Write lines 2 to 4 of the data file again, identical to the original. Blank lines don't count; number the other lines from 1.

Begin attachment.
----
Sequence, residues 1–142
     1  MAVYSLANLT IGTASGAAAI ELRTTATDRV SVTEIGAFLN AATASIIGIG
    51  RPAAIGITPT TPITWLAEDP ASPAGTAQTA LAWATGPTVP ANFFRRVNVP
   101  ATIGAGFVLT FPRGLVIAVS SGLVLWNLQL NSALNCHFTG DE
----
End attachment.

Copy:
     1  MAVYSLANLT IGTASGAAAI ELRTTATDRV SVTEIGAFLN AATASIIGIG
    51  RPAAIGITPT TPITWLAEDP ASPAGTAQTA LAWATGPTVP ANFFRRVNVP
   101  ATIGAGFVLT FPRGLVIAVS SGLVLWNLQL NSALNCHFTG DE